He said it over and over again.
Like this time:
“So let me begin be saying this to you and to the American people: I know that there are millions of Americans who are content with their health care coverage. They like their plan and, most importantly, they value their relationship with their doctor. …And that means that no matter how we reform health care, we will keep this promise to the American people: If you like your doctor, you will be able to keep your doctor, period. If you like you healthcare plan, you’ll be able to keep your health care plan, period. No one will take it away from you, no matter what.” … President Obama at the annual conference of the American Medical Association, June 15, 2009.
Now that the president has addressed the criticism that millions of Americans are seeing their individual insurance policies cancelled because of Obamacare, let’s take a look at whether he is guilty of misleading the American people as he sold the country on his signature health care plan.
This is an issue that, for the most part, affects a small segment of the country. According to experts, and Health and Human Services Secretary Kathleen Sebelius, about 95% of legal residents receive their health insurance through group plans offered by their employers, the federal government in the form of Medicare and Medicaid or get direct health care via the Veterans Administration. For the overwhelming majority of people covered by these plans, there probably will be no change. Despite some anecdotal accounts involving companies such as Home Depot, Trader Joe’s and UPS, there has been no evidence of large scale cancellation of employers provided health insurance. Still, the small amount of anecdotal evidence raises questions about Obama’s all-encompassing promise.
Most of the impact of this dubious promise would fall on the individual market; an undisciplined collection of good and crappy plans. Actually it would be better described as filled with plans that were often good for people at certain times – generally when they are healthy – and awful for people when they get sick or injured. Obamacare’s vow was to bring order – and protection – to that market by requiring, among other things, that all new plans cover a minimum of conditions such as maternity care and mental health issues. “One of the things health reform was designed to do was to help not only the uninsured, but also the underinsured,” Obama said in a speech in Boston on Wednesday. “And there are a number of Americans, fewer than 5 percent of Americans, who’ve got cut-rate plans that don’t offer real financial protection in the event of a serious illness or an accident.”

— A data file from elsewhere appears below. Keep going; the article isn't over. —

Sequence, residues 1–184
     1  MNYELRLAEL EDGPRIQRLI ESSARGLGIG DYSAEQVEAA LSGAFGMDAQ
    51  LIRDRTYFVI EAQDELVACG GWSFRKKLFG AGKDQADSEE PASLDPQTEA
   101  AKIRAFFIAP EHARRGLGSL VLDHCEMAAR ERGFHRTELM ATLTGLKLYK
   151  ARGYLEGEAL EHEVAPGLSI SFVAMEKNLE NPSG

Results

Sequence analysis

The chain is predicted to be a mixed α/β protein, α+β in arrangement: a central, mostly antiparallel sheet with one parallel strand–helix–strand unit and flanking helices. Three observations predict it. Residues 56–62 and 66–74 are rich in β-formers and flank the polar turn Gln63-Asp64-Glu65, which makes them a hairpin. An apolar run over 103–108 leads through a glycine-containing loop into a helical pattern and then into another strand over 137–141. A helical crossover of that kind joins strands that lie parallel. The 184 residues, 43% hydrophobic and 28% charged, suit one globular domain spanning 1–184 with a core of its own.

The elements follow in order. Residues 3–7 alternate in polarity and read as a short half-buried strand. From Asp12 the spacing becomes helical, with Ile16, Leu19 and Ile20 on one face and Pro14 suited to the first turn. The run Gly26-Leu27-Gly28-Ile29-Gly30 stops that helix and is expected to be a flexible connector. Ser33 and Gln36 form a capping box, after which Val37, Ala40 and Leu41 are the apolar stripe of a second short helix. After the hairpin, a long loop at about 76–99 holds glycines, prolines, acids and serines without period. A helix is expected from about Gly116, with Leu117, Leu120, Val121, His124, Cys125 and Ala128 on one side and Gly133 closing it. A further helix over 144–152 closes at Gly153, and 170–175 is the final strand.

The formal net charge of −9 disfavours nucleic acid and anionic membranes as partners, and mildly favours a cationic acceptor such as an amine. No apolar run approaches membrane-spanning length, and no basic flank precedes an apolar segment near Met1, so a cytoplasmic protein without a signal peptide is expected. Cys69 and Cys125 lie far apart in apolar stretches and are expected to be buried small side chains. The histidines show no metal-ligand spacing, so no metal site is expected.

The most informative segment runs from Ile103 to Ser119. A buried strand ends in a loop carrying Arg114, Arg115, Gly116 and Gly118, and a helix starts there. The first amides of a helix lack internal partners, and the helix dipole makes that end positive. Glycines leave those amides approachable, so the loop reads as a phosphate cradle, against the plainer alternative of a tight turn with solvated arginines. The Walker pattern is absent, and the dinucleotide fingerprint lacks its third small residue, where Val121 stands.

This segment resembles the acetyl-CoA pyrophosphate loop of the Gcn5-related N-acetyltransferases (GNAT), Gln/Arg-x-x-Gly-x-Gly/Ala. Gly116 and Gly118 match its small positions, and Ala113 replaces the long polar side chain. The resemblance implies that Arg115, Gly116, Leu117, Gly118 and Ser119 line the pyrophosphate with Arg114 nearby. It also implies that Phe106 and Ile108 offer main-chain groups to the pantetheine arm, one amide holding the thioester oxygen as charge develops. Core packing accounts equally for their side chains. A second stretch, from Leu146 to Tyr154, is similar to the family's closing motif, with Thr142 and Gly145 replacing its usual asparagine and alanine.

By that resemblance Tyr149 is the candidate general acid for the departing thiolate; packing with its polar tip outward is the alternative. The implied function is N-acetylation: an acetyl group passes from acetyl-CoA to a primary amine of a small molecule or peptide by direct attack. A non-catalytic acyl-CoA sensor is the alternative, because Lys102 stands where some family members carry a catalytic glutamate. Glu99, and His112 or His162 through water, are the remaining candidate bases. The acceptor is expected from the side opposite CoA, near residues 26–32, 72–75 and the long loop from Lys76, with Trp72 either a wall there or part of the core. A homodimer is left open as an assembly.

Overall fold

From the start, these were contradictory promises; reform the individual market, but let people keep their individual plans, even if they were cut rate and inadequate. Obamacare sought to straddle this divide by proposing that people could keep any plan they had at the time on the law’s enactment on March 23, 2010, even if the plan was cut rate and lousy. But if the insurance company made any changes on things like co-pays, deductibles and coverage rates, those policies would no longer be grandfathered in and the policy holder would have to get new, sometimes more expensive, insurance.
The catch was the Administration knew that many of these policies would be changed by the insurance carriers. In 2010 HHS estimated that 40% to 67% of individual plans would lose their grandfather status.
And yet, despite this estimate Obama kept repeating his mantra that if you liked your plan, you can keep it, leading many, including the Washington Post Fact Checker to conclude that, at best, the president was being disingenuous, and, at worst, deceitful.